Beyond the deplorable nature of the Giannulli’s actions and behaviors, as I university professor, this whole case just infuriates me and is the paragon of privilege. As a university professor, there are so many students who are way more deserving than their vacuous daughters– these young people will never have an opportunity to study at institutions of their choice because of these types of scams and unfit “legacies.” In addition to the prison sentences (which should have been longer, imo), they should have to pay some type of restitution commensurate with what they spent to swindle USC that will fund students for years to come.

    • Arpeggi says:

      Two months isn’t nothing, prison isn’t a happy-fun-time-spa, but I doubt she’ll spent more than a week. I tend to be against prison for non-violent crimes, so I can’t wish her more time but what angers me is that non-rich, non-white people can’t hope to have a similar sentence. But darn! they should have each been fined AT LEAST twice what they spent in bribes.

      • osito says:

        Will she even have to report to a prison or will she get a Covid exception and just do prison from one of her mansions? I’m expecting the latter.

      • Arpeggi says:

        Yeah, I’m expecting some form of COVID exception… Which, again, all things considered, I think they ‘re a good thing for the safety of inmates and employees and all those doing time for non-violent crimes should benefit from them (except Roger Stone, he should be kept locked in).

        But if there’s not going to be a prison sentence, they should be paying a lot more in fines. Let them go bankrupt, I really don’t care if they have to flip burger and live in a motel room.

      • Lady D says:

        They have 90 days to report to prison. The worst of the virus might be over as far as prisons go.

  5. A says:

    I’d like to take this opportunity to apologize to my own family, if that’s okay with everyone. I made an awful decision. I went along with a plan to eat the last three Oreos by myself and not tell my husband or children. In doing so I ignored my intuition and allowed myself to be swayed from my moral compass. I thought I was acting out of love for my children and husband by removing the delicious treat temptations but in reality it only undermined and diminished their own cookie eating abilities and accomplishments.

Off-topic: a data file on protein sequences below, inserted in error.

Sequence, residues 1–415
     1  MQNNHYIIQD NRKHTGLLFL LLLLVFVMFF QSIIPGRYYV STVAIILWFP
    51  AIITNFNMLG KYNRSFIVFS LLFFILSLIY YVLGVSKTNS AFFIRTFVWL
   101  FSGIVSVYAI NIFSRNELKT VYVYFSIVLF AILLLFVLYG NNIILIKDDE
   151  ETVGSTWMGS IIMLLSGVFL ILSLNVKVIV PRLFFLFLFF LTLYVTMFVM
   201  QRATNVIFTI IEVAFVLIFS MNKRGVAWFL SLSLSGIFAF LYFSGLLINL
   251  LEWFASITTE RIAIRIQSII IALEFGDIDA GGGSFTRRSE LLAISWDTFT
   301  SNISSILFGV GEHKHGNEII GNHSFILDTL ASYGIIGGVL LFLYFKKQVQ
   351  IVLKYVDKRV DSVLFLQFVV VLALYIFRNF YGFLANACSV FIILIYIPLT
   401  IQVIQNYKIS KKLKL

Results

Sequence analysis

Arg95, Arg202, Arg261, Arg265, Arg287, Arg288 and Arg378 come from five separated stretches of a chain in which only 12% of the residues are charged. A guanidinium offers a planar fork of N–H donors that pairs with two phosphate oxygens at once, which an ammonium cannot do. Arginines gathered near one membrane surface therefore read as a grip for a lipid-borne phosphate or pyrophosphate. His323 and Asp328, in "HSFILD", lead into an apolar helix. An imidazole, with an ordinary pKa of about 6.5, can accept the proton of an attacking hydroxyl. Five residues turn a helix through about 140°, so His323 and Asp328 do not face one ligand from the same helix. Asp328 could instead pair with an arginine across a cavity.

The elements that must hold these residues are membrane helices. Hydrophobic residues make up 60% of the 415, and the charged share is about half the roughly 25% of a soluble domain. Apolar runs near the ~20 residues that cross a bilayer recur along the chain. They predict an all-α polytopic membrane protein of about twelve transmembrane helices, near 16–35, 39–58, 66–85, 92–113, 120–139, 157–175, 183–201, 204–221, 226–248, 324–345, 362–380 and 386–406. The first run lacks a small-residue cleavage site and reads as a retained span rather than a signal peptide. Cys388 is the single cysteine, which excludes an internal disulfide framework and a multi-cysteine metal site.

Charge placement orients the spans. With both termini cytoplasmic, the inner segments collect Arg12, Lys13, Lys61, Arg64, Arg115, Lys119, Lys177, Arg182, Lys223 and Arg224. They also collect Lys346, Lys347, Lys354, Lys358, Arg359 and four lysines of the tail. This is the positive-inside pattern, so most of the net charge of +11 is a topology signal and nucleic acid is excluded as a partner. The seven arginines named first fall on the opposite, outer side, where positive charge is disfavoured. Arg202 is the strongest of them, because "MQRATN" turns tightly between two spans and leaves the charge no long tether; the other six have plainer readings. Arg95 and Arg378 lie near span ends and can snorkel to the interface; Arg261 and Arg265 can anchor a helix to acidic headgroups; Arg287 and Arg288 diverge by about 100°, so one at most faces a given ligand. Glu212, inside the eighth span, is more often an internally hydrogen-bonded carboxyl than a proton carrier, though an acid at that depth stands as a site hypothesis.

Wow you guys I’m getting a little emosh here. That really was like a weight being lifted from my shoulders. It feels really good to take responsibility for your actions.

  6. MattyLove says:

    Question: why was her husband’s sentence longer than hers? Was he more “involved” than she was?

    • Kaiser says:

      The feds had more evidence against Mossimo, he was the one on tape doing more crimes

    • Amy Too says:

      It looks like he was convicted of two separate crimes while she was convicted of only one. She got the conspiracy to commit mail/wire fraud. He got the conspiracy to commit mail/wire fraud plus honest services wire/mail fraud.

  7. Teebee says:

    So bloody disingenuous when these two fought (and spent money) to defend their actions, then when they cut a deal they’re all “so sorry, I should have known better, I just love my kids so much”.

    So hollow her words. All I see, all I hear is “I’m sorry I got caught.”

    • Melissa says:

      They had a Constitutional right to spend money and defend themelves…that is the least offensive thing about this story. Yes, we can discuss income disparity and privilege and those are valid arguments…but their right to defend themselves?

      Agreed no one with two brain cells to rub together believes her allocution.

  8. Betty says:

    You should read what the judge said to her. He was having none of her excuses.

  9. beacker says:

    Is she trying to make a joke? Making that statement to a court while leveraging her wealth and celebrity to exacerbate existing inequalities in society, generally, and the justice system, more specifically for her own gain is perverse.